Thursday, May 23, 2002
Cayetano seesApparently, the company that makes AstroTurf doesn't want the rug pulled out from under it.
new turf by August
Meanwhile, the company that makes
AstroTurf makes a plea for the status quo
By Dave Reardon
In recent days, the movement to replace the AstroTurf at Aloha Stadium with a softer, supposedly more player-friendly surface called Fieldturf has gained momentum. Gov. Ben Cayetano has become a vocal proponent, and yesterday he said he thinks Fieldturf can be installed at Aloha Stadium by the start of football season.
"I feel pretty good about the chances of new turf being in by the first high school game," Cayetano said. "I believe the turf has to be replaced."
Cayetano spoke after a news conference for the new Hawaii Bowl, which will be played Dec. 25 at Aloha Stadium. His comments came two days after a meeting he called that included members of the Stadium Authority, the Hawaii Tourism Authority and representatives of the NFL.
Cayetano and others in attendance said the meeting was productive and that they would move toward the switch.
But if AstroTurf has its way, there will be no change. An executive vice president of Southwest Recreational Industries (which makes AstroTurf) sent a letter to Cayetano dated May 17, defending his company's product.
Jim Savoca addressed negative publicity, including complaints from Brigham Young coach Gary Crowton. Crowton said the playing surface caused injuries in BYU's game at Hawaii last year, and that the Cougars won't play on it again.
Savoca refuted Crowton's claims and others.
"There is no history of injuries at Aloha Stadium. This is not a trend, but a one-game aberration from a team that lost 72-45!" Savoca wrote.
He also pointed out that the AstroTurf meets industry standards and that products like Fieldturf "are relatively new."
"AstroTurf has been studied and analyzed since its invention in 1965. There is not a single recognized study that shows AstroTurf as being unsafe," Savoca wrote.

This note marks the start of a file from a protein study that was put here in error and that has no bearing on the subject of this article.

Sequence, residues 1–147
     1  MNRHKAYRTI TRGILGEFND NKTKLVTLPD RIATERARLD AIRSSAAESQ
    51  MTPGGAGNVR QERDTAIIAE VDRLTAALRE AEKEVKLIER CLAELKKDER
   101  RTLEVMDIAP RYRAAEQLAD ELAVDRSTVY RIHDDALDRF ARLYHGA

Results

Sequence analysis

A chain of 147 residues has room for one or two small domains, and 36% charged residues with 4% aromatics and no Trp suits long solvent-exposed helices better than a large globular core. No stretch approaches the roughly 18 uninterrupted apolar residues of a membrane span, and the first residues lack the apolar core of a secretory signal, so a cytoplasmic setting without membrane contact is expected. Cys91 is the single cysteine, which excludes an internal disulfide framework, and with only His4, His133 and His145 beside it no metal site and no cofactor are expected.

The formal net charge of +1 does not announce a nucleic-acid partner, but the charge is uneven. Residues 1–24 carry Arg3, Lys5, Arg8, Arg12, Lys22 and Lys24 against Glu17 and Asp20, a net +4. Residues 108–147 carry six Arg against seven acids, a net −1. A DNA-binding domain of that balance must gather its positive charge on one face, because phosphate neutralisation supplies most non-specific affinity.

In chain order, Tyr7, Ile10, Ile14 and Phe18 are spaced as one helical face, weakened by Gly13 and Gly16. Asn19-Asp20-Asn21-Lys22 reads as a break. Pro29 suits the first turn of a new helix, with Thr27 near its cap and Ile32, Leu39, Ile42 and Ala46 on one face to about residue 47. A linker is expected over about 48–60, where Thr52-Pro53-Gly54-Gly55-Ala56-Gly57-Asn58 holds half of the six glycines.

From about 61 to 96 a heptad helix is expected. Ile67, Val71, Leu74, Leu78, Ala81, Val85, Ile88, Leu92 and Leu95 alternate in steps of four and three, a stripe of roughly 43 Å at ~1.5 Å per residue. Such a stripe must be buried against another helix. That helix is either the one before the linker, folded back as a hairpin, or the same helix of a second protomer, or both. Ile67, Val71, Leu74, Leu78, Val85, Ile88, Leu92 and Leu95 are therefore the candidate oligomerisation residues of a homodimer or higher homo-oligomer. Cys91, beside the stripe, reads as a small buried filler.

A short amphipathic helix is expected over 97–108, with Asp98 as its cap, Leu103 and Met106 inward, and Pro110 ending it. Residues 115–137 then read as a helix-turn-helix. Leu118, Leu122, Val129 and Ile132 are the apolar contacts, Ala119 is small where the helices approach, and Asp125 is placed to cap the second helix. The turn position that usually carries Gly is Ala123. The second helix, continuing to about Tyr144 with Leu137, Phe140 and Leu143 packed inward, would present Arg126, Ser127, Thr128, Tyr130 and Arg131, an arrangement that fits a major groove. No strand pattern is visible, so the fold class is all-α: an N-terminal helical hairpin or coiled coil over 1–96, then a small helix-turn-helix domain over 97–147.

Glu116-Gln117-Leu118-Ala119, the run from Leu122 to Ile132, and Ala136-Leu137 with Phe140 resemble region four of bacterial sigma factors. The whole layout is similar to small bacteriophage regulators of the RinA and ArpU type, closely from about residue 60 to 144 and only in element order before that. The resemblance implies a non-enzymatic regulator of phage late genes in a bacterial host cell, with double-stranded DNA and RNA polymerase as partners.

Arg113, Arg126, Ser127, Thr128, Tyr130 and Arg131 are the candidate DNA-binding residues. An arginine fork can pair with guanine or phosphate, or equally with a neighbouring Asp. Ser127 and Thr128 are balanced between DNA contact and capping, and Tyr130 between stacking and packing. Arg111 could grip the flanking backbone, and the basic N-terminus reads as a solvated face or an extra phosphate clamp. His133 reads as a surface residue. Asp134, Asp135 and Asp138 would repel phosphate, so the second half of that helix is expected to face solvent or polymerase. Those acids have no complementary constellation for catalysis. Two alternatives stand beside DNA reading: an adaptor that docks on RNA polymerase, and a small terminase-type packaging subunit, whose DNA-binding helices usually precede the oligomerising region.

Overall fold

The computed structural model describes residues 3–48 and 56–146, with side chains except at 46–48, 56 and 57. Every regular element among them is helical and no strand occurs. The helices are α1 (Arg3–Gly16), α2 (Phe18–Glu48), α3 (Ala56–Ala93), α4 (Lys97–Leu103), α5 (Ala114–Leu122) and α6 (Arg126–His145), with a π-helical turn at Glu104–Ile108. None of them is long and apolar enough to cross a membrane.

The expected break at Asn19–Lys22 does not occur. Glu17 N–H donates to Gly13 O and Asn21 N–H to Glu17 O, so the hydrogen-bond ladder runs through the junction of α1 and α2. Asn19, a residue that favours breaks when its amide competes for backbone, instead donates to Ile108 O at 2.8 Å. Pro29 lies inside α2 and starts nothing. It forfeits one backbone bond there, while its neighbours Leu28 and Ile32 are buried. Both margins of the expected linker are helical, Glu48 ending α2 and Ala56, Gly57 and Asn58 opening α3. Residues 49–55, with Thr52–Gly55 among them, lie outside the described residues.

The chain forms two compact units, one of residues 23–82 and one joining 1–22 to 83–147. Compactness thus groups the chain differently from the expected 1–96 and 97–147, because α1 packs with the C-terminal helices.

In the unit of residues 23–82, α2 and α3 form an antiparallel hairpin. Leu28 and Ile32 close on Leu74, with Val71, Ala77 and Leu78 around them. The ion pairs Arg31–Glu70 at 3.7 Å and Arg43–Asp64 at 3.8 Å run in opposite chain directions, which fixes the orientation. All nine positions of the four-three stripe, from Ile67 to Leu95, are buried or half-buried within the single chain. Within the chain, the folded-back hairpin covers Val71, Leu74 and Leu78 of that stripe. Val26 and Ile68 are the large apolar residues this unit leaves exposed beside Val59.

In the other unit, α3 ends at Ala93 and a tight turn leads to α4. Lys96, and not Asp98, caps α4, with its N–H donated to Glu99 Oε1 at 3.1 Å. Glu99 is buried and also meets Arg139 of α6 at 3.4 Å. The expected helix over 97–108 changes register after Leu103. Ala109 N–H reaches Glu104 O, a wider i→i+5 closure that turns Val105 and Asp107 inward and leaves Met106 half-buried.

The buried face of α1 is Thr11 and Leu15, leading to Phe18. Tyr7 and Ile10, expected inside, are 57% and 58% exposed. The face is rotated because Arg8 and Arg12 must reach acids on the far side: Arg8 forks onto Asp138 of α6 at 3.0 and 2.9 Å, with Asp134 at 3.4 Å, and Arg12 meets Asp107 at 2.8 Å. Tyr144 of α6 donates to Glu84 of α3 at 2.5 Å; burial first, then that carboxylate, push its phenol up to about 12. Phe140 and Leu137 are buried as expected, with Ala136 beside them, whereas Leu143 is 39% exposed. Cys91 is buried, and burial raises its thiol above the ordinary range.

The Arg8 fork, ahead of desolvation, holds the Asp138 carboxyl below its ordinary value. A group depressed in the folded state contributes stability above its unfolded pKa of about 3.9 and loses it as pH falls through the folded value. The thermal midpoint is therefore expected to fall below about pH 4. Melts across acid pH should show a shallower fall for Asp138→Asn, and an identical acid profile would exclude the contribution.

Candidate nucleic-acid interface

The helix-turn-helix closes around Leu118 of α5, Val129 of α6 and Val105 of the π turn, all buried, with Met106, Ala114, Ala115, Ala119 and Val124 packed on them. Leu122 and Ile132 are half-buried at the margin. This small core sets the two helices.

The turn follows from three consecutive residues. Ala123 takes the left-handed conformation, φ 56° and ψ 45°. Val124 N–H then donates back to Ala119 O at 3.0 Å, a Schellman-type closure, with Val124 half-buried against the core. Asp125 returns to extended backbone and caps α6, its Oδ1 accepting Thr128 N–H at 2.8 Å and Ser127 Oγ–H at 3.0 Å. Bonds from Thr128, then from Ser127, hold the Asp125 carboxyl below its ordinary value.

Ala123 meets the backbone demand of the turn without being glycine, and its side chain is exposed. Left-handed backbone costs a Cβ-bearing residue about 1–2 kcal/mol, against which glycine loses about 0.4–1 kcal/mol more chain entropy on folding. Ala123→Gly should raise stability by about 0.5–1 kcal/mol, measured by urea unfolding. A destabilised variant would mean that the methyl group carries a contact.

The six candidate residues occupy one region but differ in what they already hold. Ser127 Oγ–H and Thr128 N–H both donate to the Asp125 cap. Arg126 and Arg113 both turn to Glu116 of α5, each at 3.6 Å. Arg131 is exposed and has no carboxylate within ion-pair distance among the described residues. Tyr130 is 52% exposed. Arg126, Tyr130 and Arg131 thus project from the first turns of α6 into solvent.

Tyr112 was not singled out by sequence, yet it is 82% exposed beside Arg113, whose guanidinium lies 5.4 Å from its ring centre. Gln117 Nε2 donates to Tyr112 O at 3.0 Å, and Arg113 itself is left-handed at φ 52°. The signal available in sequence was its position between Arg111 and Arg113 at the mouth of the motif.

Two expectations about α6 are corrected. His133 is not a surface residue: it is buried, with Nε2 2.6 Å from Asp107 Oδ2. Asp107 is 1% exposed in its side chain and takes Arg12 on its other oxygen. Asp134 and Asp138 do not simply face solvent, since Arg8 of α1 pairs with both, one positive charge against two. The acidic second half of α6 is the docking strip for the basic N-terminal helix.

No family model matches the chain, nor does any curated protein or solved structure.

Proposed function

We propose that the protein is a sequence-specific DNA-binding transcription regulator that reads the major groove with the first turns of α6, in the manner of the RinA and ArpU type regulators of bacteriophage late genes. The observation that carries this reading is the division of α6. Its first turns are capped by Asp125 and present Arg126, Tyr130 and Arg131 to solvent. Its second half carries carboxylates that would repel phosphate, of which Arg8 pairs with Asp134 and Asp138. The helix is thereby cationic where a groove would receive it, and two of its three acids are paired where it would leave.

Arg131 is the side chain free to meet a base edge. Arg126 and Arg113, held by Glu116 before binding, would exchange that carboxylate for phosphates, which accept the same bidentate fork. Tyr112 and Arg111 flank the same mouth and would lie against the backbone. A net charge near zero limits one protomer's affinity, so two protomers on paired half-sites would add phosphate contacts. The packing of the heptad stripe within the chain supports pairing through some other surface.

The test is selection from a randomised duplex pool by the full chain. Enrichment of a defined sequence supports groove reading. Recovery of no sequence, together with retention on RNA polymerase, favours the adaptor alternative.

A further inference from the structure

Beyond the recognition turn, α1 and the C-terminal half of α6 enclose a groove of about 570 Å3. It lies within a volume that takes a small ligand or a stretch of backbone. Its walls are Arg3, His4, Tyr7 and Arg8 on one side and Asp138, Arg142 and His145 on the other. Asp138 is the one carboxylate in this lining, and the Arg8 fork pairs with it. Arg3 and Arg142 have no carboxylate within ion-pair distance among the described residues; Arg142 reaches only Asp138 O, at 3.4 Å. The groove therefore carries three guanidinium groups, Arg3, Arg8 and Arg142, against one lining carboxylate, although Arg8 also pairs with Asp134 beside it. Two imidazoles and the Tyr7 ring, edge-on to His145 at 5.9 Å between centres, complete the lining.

"This is nothing more than an orchestrated strategy to pressure the State of Hawaii to replace a perfectly good AstroTurf field," he continued.
Cayetano indicated yesterday that he wasn't familiar with the letter.
"I'm not concerned about it. I haven't said anything about AstroTurf. I'm not criticizing AstroTurf," he said. "I'm convinced Fieldturf is a better product."
In order to contract with Fieldturf specifically, the state will have to use a sole-bid process to exclude competitors. Could that cause legal backlash from AstroTurf or other competitors?
"That is a concern. (But) we believe we have an answer for that," Cayetano replied, without going into details.
The Stadium Authority has balked at replacing the AstroTurf. The current turf has five years left on its warranty, and cost Hawaii taxpayers $2.4 million.
"Their questions have to be answered before you rip up a 3-year-old turf that still has a warranty," Cayetano said of the Stadium Authority. "They're to be commended. They're my appointees, but I don't appoint rubber stamps."
The NFL stages the Pro Bowl at Aloha Stadium each year. The league's contract with the Hawaii Tourism Authority has been a major impetus toward changing the stadium surface. The NFL and the NFL Players' Association, as well as college coaches, have requested a change. The NFL's contract with the HTA includes the game being played on what the league considers a suitable surface.
"If they don't change it, they'll lose the Pro Bowl," said Marcia Klompus, president of the Maui Hula Bowl. "That's why the Hula Bowl moved. We wanted a grass field."
The University of Hawaii and high school teams also play at Aloha Stadium. The first scheduled high school games this year are Aug. 23, and UH's first game is Aug. 31.
"As long as the playing surface is ready to go before our first game, we've got no problem with changing the surface," said Keith Amemiya, executive director of the Hawaii High School Athletic Association. "If Fieldturf is safer than AstroTurf, as many people are suggesting, then a switch to Fieldturf is great for our high school student athletes."
John Gilman, the CEO of Fieldturf, provided the HTA with a proposal to install the surface for $877,500, and wrote that it can be done in two weeks. Representatives from the NFL have indicated they will share in the cost.
Cayetano also noted yesterday that other major changes could occur soon at Aloha Stadium -- and a replacement for the venue, which hosts 200 events each year, will eventually be needed.
"I foresee a time when UH will control the stadium," he said. "I also think a committee should be formed soon to plan a new stadium. This one will probably be good for only 10 or 15 more years."
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